From Need to Desire, How the Side Hustle Changed in 2021

The gig economy was in full swing before the pandemic even arrived, but 2020 changed everything. That year, necessity and desperation forced hordes of newly unemployed or furloughed workers into Etsy shops or behind the wheels of delivery trucks to make ends meet any way they could.

In 2021, however, the side hustle grew up. Part-time entrepreneurs evolved from trying to make their hobbies pay, as they had the year before, to developing legitimate and reliable alternative income streams.

Looking back, it’s clear that 2021 was the year of the side hustle.

Side Hustling Grew Out of the Hobby Phase

Some of the most closely watched data on the gig economy come from an annual research report produced by DollarSprout, a platform dedicated to side hustling and entrepreneurship. The 2021 Side Hustle Report showed a distinct departure from 2020 in the gig economy.

Last year, for example, just over one in four people were using gig income to cover their monthly bills; but, in 2021, that number has soared to 41%. Also this year, the percentage of people spending over 15 hours per week on their side gigs has more than doubled, from 12% to 27%.

Side hustlers are also bringing in much more money this year than last. The percentage of people earning $1,500 or more per month from their gigs on the side more than doubled from 2020 to 2021.

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More than half of side hustlers have now tried three or more gigs — and that kind of experimentation has proven to be a good thing. The highest earners by far are those who have tried five or more side hustles.

According to a new report from the Pew Research Center, most side hustles fall into the following categories:

  • Driving for a ride-hailing app
  • Shopping for/delivering groceries or household items
  • Performing household tasks such as cleaning a home, assembling furniture or running errands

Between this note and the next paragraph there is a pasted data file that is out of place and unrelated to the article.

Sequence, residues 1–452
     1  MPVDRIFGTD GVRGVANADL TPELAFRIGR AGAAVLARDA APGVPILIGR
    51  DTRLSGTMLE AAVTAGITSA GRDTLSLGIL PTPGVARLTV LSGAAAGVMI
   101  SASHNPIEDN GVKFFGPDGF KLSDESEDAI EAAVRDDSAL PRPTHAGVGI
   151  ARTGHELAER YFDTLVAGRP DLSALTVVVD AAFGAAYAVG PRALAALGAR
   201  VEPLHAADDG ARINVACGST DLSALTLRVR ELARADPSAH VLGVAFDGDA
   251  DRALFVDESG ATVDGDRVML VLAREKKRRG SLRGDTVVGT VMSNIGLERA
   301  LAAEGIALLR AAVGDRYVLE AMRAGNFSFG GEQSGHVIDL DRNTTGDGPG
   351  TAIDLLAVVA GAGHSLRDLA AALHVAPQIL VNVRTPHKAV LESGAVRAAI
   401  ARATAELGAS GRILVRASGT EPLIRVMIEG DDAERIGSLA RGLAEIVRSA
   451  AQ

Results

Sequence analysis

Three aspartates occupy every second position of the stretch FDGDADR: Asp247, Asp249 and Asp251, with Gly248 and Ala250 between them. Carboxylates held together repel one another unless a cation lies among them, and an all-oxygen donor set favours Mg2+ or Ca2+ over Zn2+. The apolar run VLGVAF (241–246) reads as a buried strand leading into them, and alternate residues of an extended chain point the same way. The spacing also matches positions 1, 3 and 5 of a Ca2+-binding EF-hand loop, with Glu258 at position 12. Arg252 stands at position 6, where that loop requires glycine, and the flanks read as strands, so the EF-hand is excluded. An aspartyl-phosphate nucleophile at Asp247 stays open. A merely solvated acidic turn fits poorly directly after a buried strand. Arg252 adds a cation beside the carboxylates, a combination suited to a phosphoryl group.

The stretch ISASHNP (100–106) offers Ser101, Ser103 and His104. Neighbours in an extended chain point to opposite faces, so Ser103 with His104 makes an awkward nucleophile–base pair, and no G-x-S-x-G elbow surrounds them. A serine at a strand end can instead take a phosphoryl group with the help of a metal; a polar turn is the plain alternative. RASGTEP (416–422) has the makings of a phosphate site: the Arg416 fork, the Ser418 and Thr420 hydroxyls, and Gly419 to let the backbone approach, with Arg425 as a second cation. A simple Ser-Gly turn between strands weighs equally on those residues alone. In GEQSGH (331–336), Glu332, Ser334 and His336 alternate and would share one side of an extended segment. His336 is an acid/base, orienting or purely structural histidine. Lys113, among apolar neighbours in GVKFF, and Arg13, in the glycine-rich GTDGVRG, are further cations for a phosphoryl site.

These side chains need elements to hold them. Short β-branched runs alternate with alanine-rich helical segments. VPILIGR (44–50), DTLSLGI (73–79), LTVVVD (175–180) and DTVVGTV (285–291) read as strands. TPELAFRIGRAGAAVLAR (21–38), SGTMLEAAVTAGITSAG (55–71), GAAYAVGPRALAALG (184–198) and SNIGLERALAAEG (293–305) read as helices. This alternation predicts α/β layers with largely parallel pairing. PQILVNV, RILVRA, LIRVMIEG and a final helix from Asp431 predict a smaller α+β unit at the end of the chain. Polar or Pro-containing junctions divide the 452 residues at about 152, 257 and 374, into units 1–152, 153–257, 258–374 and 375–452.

• Making deliveries from a restaurant or store for a delivery app
  • Using a personal vehicle to deliver packages to others via a mobile app or website such as Amazon Flex

Side Hustling Fueled — and Was Fueled By — the Great Resignation

The rise of the side hustle coincided perfectly with the Great Resignation — and it’s clear that each had a reciprocal effect on the other. The growing availability of legitimate part-time contract work — often remote and online — gave fed-up employees something to run to. On the other side of the coin, side hustles launched in 2020 started bearing fruit and delivering reliable second income streams, which gave people the confidence to finally walk away from their paychecks.

“In some ways, it has wiped the slate clean and generated a sense of freedom and opportunity to completely revitalize our livelihoods,” said Tina Hawk, senior vice president of HR at GoodHire. “The Great Resignation saw many professionals quit their jobs, often to switch gears completely or search for a role within a company with a healthier working culture. On the other hand, many took advantage of the chance to try monetizing a hobby or other side hustle.”

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With the mass exodus from the workplace still underway, it’s unclear whether the Great Resignation’s chicken came before the year of the side hustle’s egg — but it doesn’t really matter.